Of the three serials, this is the most balanced when it comes to an engaging case and tons of character development. Writer Steve Thompson, who wrote the previous season’s “The Blind Banker,” executes a heart-pounding episode that not only wraps up a great deal of much needed character history but also creates an interesting conundrum: Where does the show go from here? With a third series announced mere hours after this episode’s airing, we can only assume we will be waiting a long time once again before any answers are explained. Executive producer Steven Moffat is set to resume filming on the next series of Doctor Who in mere weeks (joygasm!), and both Benedict Cumberbatch and Martin Freeman are getting ready to take Hollywood by storm (Freeman and Cumberbatch are starring in The Hobbit and Cumberbatch will be the villain in the next Star Trek film), it may be a much longer wait than usual. That being said, Series 2 of Sherlock proved to be a non-stop thrill ride, and while at times it hit some rough patches shows that this modern-day take of the Detective of Baker Street is the real McCoy and that Holmes and Watson are still relevant in the 21st century.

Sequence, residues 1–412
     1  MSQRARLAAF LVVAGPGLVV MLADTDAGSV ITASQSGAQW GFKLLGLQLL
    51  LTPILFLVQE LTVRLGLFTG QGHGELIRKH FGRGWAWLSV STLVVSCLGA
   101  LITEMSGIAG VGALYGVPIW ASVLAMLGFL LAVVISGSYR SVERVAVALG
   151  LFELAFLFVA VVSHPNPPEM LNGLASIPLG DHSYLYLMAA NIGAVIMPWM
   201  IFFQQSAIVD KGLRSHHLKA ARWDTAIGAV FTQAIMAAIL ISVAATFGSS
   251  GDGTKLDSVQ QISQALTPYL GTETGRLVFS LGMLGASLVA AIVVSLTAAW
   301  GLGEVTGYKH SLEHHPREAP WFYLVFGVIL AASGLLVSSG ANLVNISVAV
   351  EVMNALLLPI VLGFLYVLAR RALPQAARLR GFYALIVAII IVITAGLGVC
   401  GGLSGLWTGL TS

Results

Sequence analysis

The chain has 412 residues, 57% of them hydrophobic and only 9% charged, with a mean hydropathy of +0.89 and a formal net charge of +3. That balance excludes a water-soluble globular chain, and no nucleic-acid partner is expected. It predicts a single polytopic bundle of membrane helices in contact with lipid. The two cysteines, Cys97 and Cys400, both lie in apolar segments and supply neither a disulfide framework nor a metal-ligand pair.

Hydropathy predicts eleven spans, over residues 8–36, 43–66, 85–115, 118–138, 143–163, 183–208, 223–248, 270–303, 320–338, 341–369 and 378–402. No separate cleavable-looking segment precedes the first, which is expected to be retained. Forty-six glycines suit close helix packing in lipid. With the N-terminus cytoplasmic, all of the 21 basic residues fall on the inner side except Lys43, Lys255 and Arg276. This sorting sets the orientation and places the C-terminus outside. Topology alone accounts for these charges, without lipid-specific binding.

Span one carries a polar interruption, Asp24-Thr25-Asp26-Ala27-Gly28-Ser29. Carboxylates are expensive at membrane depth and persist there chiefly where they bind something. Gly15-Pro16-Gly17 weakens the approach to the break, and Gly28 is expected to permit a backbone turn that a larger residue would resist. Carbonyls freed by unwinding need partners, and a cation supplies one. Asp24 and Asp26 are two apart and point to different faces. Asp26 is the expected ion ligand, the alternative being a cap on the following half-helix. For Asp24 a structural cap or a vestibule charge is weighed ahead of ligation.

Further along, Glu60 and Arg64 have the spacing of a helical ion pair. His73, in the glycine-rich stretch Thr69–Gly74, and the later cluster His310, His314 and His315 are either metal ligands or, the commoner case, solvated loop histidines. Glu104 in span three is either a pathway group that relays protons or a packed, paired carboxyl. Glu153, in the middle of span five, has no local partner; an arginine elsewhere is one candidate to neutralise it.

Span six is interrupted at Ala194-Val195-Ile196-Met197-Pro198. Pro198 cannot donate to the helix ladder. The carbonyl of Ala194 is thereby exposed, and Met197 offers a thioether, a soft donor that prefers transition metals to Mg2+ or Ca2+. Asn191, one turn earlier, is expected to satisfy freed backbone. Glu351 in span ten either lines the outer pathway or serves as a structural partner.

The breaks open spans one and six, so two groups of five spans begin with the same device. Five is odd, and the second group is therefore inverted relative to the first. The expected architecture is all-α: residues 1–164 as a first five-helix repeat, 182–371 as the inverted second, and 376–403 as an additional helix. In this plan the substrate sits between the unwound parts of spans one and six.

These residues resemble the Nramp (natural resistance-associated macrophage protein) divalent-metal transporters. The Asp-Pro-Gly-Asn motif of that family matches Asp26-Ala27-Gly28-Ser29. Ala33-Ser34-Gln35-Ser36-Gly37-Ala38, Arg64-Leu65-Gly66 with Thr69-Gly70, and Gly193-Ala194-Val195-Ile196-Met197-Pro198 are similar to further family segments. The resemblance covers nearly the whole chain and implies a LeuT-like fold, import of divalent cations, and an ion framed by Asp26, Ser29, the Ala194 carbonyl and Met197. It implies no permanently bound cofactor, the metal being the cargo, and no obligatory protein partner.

Rating: 10 out of 10 (Amazing)